Inflammation is your body’s protective response to harmful insults like injuries, toxins, and pathogens. On the outside we see signs of inflammation like edema or swelling, redness, heat, pain and loss of function like stiffness. How does short term inflammation have a positive effect on injury recovery?
Let’s explore what happens after an injury.
After the event, local cells release signaling molecules activating local (mast cells) and calling distant effector immune cells to the site of injury. Some of the signals are called histamines and bradykinins which lead to heat, pain and swelling. These effects allow greater blood flow (open highway) to the insult so the defenders can come quicker and do their work. Other signaling molecules include cytokines, chemokines, and prostaglandins. Prostaglandins are the target that medicines like ibuprofen block.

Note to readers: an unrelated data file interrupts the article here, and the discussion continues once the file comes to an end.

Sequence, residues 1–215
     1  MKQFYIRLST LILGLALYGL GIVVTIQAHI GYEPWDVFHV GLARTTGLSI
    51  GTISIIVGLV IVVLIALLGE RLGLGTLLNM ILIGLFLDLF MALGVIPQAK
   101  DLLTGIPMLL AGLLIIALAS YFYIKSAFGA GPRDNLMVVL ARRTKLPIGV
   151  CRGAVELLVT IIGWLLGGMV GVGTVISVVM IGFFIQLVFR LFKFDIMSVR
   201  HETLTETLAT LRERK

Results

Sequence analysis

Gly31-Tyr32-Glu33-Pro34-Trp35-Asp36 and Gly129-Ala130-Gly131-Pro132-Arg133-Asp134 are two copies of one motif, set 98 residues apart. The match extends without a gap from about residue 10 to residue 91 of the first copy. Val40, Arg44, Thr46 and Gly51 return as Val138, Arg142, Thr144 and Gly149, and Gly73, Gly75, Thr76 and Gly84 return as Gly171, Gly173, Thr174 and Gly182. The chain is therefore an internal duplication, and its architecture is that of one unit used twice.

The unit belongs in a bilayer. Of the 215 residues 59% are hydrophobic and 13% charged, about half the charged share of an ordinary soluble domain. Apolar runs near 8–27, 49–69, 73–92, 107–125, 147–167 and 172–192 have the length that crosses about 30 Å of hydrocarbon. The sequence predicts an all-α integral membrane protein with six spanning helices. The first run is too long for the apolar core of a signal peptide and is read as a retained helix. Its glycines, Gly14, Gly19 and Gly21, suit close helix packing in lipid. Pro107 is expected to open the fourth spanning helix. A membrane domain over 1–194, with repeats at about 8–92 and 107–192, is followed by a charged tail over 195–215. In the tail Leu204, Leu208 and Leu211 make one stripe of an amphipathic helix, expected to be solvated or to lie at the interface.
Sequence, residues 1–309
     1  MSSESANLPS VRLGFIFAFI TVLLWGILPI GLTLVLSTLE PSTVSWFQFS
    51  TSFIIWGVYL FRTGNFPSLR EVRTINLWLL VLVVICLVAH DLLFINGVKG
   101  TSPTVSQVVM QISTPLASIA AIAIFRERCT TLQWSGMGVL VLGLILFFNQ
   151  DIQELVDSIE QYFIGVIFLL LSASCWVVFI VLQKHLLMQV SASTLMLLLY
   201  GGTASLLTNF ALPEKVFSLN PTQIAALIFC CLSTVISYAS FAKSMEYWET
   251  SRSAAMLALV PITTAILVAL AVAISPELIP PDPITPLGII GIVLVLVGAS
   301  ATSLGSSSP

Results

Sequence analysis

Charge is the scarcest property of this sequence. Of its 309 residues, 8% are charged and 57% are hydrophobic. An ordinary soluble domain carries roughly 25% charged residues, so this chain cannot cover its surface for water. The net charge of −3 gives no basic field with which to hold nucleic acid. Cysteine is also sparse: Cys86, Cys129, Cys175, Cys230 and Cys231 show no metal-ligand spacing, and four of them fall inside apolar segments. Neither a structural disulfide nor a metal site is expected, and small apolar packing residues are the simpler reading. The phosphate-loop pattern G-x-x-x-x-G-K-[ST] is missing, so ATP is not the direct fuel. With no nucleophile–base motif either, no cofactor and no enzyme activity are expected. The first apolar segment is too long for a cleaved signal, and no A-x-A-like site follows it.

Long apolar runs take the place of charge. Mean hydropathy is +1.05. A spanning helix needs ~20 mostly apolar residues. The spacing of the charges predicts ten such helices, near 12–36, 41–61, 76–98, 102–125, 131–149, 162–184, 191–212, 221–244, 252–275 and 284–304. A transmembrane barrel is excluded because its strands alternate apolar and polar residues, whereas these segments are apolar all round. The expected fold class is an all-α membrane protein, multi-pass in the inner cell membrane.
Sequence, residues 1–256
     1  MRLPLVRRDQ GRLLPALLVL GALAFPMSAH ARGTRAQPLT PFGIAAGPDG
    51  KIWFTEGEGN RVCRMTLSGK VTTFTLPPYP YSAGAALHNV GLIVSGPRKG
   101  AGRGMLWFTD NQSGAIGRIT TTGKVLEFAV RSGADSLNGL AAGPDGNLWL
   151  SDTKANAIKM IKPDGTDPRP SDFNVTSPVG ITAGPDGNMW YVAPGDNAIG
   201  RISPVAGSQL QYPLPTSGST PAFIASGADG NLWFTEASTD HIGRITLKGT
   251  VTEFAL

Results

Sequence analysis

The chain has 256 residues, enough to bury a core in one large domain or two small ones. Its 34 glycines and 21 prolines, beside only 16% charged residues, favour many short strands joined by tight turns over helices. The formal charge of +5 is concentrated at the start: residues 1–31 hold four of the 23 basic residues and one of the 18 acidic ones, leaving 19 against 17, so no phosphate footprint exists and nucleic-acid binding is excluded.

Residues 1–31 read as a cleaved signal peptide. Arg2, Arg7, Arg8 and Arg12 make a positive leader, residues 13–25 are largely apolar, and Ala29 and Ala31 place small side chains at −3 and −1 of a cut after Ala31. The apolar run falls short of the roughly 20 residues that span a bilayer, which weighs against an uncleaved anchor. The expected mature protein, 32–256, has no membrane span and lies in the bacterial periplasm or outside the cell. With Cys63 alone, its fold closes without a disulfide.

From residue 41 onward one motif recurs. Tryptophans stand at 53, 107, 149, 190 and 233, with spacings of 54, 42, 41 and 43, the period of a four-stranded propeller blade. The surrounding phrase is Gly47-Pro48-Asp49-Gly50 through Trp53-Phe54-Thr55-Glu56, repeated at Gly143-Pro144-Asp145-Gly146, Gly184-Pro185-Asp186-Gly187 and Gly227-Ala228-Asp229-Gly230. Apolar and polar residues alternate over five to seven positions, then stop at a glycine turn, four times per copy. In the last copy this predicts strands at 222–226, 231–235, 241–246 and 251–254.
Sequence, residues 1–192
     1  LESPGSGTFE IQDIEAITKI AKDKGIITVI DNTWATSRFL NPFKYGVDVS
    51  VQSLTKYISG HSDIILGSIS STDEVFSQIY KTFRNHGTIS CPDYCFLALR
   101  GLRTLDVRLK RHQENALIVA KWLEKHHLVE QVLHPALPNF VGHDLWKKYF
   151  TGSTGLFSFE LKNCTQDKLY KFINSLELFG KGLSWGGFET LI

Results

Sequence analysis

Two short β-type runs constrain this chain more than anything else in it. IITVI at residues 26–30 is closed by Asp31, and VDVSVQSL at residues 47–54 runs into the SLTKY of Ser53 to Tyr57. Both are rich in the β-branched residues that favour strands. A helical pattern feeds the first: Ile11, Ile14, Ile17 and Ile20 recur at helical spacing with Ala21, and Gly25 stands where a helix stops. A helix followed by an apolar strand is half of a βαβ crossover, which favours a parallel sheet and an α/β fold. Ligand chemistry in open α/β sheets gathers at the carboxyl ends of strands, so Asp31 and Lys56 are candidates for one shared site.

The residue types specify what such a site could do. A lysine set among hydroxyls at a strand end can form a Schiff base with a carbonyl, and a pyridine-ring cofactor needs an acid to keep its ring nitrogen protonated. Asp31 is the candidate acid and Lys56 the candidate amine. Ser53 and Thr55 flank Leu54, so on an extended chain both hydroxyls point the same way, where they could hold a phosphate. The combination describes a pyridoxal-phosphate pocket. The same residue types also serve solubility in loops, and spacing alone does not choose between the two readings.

Then the full army arrives, neutrophils, T cells, including natural killer T cells, B cells, macrophages. All these cells work to phagocytose or eat up intruders and directly kill intrusive cells. During the cleanup, cells are made that will remember the intruder so the next time the offender presents itself your body can clean it up faster.
Another major player in inflammation is reactive oxidative species, or oxidants. These are natural byproducts of most cellular processes such as when the powerhouse of the cell creates ATP! In chronic diseases like diabetes and high blood pressure these ROS accumulate above the body’s ability to safely get rid of them and cause direct DNA damage. When a cell’s DNA is damaged it can either lead to cancer or more often the cell can die.
Usually, inflammation is good! It helps clean up harmful things that attack your body like infections, physical injuries, and toxins. Long term inflammation, such as caused by diabetes, obesity and high blood pressure leads to increased risks of cancer, Alzheimer’s and heart disease.
Physical fitness is the most important aspect to preventing the negative aspects of oxidants and inflammation. Effective blood circulation is extremely important. Antioxidant supplements can also be used to assist in fighting back against oxidant related damage.